Plant collecting, for the purpose of research, cultivation or as a hobby, is an ancient practice dating back centuries, with the earliest records appearing in 1495 B.C. Today, the herbarium—a museum of pressed and preserved plant specimens—has become increasingly valuable and has helped scientists gain critical information on climate change. Considering that herbaria were first created in the mid-16th century, their specimens are often old enough to aid in documenting progressive environmental degradation. Plant phenology studies have provided some of the best evidence for large-scale responses to rapid climate change.
Information on the herbarium sheets (the paper that plants are attached to and where they are identified) has become increasingly digitized and widely available, and thus the importance of these collections is becoming better known not only to scientists, but also to artists, who have long drawn inspiration from them. Not only are the pages of pressed plants aesthetically rich themselves, but herbaria have also been home to an array of “archival” art. There is an interesting kind of interaction between art and science that takes place at the herbarium. This relationship is sometimes physically close, as the sheets are sometimes arranged with accompanying and related artworks.
A perfect example of this is in the work of Havard botanist and orchid specialist Oakes Ames (1874-1950). His wife, Blanche Ames, was a multidisciplinary artist and would illustrate her husband's botanical research using watercolour as a complement to the dried specimen, painting it as if it were living. There are plenty of examples of botanical drawings and prints kept in files with the specimens in cabinets in the herbarium—they were treated as scientific works rather than simply works of art. Such art is a case of balance between filtering out the irrelevant and focusing on the essential, as drawing, especially with pen or pencil, is a means of displaying and regulating fine detail that could not be captured otherwise.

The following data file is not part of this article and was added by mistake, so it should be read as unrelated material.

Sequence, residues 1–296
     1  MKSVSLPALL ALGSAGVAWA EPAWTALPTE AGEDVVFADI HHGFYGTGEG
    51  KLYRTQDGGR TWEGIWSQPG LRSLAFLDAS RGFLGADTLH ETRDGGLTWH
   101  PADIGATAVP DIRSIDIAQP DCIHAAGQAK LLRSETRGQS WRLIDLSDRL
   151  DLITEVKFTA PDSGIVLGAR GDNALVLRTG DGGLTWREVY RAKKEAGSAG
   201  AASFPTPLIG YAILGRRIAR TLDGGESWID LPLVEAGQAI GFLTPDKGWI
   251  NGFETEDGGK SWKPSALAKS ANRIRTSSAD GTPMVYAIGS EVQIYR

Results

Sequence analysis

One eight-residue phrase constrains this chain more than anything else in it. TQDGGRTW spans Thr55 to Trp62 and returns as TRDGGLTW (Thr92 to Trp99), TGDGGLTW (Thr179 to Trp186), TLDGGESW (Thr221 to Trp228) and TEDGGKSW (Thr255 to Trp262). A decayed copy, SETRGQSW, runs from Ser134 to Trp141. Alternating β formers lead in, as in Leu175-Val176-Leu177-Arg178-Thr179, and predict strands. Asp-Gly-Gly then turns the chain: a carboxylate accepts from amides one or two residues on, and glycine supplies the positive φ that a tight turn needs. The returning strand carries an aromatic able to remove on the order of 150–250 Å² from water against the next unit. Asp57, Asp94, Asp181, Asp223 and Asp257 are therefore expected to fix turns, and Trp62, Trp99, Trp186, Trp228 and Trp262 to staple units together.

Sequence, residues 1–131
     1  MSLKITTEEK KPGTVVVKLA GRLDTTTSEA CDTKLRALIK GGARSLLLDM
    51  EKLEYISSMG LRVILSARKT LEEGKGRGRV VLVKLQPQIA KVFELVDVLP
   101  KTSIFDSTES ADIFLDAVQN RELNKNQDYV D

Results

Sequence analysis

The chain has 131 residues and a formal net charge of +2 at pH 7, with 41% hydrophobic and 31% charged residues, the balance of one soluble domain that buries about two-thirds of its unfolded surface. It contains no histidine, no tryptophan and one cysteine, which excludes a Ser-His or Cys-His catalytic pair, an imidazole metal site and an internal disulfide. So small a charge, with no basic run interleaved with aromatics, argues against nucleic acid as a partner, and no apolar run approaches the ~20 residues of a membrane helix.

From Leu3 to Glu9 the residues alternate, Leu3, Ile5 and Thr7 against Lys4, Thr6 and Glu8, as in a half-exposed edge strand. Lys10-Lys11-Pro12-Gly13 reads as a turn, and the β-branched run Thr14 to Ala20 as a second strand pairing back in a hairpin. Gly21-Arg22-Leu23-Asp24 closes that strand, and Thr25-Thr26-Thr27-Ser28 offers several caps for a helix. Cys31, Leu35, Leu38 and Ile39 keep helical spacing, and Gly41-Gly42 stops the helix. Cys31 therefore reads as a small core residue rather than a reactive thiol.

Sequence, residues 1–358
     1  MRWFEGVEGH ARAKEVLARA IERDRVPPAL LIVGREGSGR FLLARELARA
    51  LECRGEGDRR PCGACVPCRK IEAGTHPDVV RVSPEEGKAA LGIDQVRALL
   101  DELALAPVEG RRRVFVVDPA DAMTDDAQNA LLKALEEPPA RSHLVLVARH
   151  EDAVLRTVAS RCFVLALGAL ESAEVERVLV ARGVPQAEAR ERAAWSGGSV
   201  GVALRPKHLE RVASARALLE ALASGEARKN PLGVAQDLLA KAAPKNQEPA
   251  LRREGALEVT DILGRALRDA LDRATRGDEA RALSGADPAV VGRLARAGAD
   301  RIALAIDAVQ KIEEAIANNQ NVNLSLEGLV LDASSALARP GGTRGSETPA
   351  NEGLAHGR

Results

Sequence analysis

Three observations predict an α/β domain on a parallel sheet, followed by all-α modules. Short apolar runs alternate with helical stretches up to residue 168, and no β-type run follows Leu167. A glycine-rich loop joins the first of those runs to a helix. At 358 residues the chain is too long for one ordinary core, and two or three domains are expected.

In preservation, the actual plants are often beautifully arranged on pages and have aesthetic as well as scientific significance, making them an important source of inspiration for artists. Presenting a unique position in history, Emily Dickison, one of the leading 19th-century poets, lies at this intersection of science and poetry. Well before she had begun to write poems, Dickinson indulged in a rather distinct but surprisingly parallel art of contemplation and composition: the gathering, cultivation, arranging and pressing of flowers.
Her striking compositions, all displayed in a collection now digitized at the Harvard Library, often juxtaposed botanical specimens that in the wild would not ordinarily occur together. Some say her arrangements were poetic, for instance, the first page where she combined jasmine and pivot, positioning them in the center of the page so that they resembled a single plant. It has been argued that Dickinson’s expertise in botany and gardening profoundly shaped her poetry, as she often wove botanical elements into her writing, combining her passion for literature with her passion for nature (see: May-Flower, With a Flower and Nobody Knows This Little Rose).